Saturday, June 26, 2010

Marriage and Parenthood, The Catholic Ideal - June 26


[continued from yesterday]

...Of course there is no reason why young people should not abstain from marriage until they have a living wage, or, having married, abstain from the marriage act, provided this can be done without danger of incontinency. This course, indeed, may be profitably recommended and the Sacraments of the Church will be the best help in carrying it out.

But Satan will be busy amongst those who try it. If it fails, marriage is the remedy in spite of all poverty, marriage and all the normal blessings of marriage, the procreation of children, the avoidance of incontinency, and the promotion of mutual love and affection.

And if eventually the marriage is to be made ideal and despoiled of the stigma of destitution, it can only be by fidelity to the complete ideal of the Church, for it pertains to the complete ideal of the Church that a man should receive as much wages for his labor as will keep himself, his wife, and his family in reasonable and frugal comfort.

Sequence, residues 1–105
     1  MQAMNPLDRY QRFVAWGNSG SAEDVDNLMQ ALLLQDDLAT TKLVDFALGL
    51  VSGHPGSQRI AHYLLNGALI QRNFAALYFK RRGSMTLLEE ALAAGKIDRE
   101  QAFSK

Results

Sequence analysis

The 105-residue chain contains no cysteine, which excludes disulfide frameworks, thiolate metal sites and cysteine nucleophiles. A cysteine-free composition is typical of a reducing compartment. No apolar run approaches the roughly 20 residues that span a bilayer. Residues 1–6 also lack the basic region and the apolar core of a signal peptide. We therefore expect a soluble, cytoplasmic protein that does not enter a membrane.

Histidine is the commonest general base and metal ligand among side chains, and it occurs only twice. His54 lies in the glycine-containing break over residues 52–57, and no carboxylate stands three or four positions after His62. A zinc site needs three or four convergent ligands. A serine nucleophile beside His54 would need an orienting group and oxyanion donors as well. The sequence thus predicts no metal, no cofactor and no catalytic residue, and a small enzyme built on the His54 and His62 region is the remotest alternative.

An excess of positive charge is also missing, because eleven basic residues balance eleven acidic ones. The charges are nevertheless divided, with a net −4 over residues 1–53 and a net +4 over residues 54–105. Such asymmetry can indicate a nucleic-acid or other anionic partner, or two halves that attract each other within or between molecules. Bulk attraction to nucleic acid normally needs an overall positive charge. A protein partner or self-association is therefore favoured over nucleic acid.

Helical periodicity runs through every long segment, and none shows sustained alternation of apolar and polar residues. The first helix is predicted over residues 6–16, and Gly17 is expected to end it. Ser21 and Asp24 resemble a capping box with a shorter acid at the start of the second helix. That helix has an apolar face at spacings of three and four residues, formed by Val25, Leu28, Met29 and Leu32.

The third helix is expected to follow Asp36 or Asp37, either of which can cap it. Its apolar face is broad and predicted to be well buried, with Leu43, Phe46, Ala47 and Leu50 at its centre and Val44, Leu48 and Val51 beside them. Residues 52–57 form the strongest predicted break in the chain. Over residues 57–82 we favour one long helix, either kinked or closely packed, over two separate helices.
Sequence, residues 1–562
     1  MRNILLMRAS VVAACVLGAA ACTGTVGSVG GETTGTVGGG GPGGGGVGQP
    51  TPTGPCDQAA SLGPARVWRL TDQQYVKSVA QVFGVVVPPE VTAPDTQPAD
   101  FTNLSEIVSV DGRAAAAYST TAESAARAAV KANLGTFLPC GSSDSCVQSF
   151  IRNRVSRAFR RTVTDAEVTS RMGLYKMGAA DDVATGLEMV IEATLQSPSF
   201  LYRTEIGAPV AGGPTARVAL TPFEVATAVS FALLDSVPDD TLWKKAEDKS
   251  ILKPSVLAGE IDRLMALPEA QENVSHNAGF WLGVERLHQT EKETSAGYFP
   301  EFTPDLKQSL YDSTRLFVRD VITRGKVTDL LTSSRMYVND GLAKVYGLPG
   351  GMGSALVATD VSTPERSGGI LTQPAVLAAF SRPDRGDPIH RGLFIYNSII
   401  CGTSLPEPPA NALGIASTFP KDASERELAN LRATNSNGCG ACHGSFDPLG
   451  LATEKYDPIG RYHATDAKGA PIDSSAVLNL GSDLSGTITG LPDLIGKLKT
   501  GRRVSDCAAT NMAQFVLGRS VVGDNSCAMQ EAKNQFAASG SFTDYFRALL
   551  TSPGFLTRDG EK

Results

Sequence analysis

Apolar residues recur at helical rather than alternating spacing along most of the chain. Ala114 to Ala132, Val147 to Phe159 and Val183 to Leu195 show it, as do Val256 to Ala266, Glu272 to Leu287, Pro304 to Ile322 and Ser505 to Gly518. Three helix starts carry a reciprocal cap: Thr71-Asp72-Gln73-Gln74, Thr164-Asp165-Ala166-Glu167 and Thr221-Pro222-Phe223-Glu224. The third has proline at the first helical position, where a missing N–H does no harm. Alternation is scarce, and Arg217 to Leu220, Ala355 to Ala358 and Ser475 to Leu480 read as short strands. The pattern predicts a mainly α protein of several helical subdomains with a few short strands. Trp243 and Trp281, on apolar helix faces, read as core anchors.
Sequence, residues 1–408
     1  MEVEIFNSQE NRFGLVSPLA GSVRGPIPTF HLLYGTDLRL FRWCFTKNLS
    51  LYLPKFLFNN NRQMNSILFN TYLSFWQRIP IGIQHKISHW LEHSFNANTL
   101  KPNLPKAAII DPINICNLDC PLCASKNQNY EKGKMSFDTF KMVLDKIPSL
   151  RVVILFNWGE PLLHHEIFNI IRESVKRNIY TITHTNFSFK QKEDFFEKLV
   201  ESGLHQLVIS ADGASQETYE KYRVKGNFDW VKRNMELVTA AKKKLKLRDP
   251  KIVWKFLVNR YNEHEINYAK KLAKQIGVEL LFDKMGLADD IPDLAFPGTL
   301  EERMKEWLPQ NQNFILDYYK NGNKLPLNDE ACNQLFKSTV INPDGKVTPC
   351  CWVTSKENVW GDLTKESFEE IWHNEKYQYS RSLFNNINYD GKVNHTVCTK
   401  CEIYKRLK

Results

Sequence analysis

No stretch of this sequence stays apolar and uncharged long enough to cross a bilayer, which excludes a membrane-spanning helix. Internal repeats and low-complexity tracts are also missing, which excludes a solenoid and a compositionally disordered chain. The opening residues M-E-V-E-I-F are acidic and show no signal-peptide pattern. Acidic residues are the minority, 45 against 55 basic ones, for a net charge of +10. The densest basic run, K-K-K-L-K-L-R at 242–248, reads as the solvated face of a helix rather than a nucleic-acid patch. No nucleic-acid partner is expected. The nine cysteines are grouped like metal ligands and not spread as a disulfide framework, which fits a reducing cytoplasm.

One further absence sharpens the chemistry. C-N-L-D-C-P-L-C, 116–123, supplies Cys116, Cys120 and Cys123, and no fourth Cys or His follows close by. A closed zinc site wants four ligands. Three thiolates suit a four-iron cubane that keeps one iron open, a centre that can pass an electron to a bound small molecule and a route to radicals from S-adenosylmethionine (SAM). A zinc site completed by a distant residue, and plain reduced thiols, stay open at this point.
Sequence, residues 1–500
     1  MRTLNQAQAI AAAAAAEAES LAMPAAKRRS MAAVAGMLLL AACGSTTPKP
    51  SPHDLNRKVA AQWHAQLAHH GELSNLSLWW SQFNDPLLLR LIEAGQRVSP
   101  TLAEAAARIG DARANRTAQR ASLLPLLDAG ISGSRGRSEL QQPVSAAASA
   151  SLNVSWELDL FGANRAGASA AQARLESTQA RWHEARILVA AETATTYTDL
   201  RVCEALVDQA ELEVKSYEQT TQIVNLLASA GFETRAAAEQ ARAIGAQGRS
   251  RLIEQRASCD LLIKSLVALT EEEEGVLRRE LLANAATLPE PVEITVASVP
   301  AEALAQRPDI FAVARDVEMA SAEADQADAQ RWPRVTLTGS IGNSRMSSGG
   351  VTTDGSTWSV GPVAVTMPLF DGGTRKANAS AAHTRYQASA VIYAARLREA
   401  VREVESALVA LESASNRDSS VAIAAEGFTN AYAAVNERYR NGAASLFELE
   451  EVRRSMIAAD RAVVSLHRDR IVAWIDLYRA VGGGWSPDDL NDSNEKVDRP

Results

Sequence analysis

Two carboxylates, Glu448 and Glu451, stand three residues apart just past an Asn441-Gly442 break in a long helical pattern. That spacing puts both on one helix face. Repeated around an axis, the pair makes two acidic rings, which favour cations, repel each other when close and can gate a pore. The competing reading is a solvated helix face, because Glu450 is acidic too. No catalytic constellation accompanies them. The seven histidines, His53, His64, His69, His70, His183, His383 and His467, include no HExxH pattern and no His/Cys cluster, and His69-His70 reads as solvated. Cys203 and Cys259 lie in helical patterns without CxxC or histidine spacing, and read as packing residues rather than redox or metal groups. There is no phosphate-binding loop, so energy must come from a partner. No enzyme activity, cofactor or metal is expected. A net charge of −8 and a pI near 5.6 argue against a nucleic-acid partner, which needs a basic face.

The sexual question, therefore, though largely a physical and economic one, is at bottom a religious one. The restraint needful for a happy marriage wants religious illumination and strength. The marriage bond has its likeness in the bond between Christ and the Church, namely, the bond of intense, strong love. The marriage bond is thus something quite distinct from lust. Lust seeks its own animal gratification, regardless of any other end but its own Indulgence.

Love, however, seeks the higher well-being. The love of the married pair then will be tender above all things. It will be selfless to a degree so that the weaker party has every consideration. Whatever sensual pleasure may be incidental to this love, all will be controlled and directed to the higher well-being of husband, wife, and children.

[End of Chapter 7]
From Marriage and Parenthood, The Catholic Ideal
By the Rev. Thomas J. Gerrard
Author of "Cords of Adam," "The Wayfarer's Vision," ETC.
Copyright, 1911, by Joseph F. Wagner, New York.

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